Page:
James Beattie

I have just dug over the vegetable garden for the first time since Winter’s arrival. Abundant crops of lemons and mandarins ripen nicely on our citrus trees. The weather, although frosty, has been bright and clear. And I am eyeing up our hedge for cutting. With my thoughts at last turning to the garden again, it is entirely appropriate, I think, that this year’s issue begins with a review article by Walter Cook of Janet Waymark’s book on the British garden designer and town planner, Thomas Mawson. Mawson was responsible for many designs throughout Britain, Europe and Canada and incidentally, had a New Zealand link, one of his sons, John (1886-1966) having shifted to New Zealand in 1928 to become Director of Town Planning.[1]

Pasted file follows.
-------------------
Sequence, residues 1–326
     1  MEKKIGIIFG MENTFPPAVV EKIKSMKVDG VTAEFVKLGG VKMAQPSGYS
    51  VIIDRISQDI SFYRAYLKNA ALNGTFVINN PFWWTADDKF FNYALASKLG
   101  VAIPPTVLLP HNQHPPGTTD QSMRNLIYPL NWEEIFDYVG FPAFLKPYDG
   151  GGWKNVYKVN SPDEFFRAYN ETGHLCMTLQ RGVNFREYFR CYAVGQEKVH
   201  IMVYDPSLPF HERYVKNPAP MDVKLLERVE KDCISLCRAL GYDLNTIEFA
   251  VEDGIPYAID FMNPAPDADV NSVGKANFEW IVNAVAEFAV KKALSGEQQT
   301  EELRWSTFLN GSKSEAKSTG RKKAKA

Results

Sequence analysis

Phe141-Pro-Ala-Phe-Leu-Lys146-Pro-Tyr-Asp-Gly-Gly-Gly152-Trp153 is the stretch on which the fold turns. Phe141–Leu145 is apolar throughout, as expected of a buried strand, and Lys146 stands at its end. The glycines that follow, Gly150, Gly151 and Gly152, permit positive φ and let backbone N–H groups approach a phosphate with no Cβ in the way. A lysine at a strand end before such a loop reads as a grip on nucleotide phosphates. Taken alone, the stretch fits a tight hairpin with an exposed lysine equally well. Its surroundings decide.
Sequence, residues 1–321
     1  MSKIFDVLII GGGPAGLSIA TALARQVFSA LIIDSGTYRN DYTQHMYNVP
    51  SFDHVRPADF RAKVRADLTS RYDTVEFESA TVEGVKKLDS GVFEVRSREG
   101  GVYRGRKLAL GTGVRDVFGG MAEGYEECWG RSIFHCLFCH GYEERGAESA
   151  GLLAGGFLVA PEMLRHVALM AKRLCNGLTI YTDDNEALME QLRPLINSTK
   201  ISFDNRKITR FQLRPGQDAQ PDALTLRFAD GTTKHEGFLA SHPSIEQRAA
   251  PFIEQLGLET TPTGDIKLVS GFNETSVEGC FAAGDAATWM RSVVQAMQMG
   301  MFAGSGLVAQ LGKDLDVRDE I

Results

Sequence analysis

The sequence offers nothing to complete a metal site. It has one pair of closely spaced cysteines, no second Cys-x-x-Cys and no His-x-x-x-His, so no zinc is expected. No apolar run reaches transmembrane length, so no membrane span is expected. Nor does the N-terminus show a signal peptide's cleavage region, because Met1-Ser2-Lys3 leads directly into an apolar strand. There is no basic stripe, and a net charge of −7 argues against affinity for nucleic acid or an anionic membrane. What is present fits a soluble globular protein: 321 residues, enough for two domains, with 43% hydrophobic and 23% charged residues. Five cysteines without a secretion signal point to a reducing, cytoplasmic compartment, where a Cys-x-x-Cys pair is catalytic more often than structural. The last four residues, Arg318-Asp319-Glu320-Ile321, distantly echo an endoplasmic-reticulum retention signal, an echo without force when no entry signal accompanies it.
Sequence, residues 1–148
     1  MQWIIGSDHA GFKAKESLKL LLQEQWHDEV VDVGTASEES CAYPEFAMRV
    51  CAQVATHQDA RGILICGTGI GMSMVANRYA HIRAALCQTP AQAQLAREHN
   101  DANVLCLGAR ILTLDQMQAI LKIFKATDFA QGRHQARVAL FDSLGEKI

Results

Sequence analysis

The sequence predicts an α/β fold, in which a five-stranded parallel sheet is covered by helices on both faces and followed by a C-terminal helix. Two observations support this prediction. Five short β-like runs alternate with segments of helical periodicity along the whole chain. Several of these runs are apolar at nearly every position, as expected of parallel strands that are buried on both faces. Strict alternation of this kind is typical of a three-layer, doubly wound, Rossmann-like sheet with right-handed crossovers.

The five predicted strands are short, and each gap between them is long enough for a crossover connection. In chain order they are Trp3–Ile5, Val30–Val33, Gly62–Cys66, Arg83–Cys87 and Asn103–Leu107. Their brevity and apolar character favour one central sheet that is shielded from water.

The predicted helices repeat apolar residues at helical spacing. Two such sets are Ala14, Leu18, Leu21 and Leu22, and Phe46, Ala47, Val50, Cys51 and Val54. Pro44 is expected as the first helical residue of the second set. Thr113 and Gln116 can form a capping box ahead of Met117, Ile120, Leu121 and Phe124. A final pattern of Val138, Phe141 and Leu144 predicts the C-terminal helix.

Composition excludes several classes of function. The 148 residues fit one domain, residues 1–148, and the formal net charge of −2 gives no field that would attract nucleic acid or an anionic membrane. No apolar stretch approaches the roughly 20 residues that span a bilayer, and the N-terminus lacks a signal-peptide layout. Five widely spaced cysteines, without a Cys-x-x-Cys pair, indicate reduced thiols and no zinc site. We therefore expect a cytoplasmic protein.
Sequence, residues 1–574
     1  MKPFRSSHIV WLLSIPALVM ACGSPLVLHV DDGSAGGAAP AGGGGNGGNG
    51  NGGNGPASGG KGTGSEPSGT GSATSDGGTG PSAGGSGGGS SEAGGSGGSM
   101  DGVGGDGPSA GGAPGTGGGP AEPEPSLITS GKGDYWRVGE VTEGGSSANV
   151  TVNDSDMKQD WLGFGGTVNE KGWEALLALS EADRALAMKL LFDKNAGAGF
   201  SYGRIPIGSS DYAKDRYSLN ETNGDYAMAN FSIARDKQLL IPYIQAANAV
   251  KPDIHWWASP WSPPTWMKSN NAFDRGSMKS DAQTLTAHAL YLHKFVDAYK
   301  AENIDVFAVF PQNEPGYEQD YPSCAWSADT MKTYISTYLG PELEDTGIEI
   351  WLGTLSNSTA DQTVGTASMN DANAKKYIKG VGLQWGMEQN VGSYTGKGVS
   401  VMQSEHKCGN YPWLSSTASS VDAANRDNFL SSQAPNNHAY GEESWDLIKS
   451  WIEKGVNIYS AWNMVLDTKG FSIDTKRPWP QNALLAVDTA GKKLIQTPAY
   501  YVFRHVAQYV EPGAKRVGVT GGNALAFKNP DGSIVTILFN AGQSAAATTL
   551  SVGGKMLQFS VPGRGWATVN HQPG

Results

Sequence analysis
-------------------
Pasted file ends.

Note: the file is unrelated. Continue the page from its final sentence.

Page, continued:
Two other book reviews appear in this issue: Paul Star considers John Andrews’ new book, No Other Home Than This: A History of European New Zealanders, an environmental history of Pākehā relationship with Aotearoa that begins deep in pre-history and moves to the present. I review Christopher Johnstone’s sumptuous new book on the presentation of the New Zealand garden in art.

The first of a new section appears in this issue too: an introduction to a garden or discussion of a resource pertinent to New Zealand nature. Geoff Doube and Peter Sergel introduce readers to two landscape designs in Hamilton Gardens. Catherine Knight overviews an exciting new development in environmental history in New Zealand: envirohistory NZ, a website exploring New Zealand’s environmental history.


[1] Caroline Miller, ‘A Prophet in a Barren Land: the New Zealand Career of J.W. Mawson’, in The 21st Century City: Past/Present/Future, Proceedings of Seventh Australasian Urban History/Planning History Conference (Geelong: Deakin University, 2004), 258-271.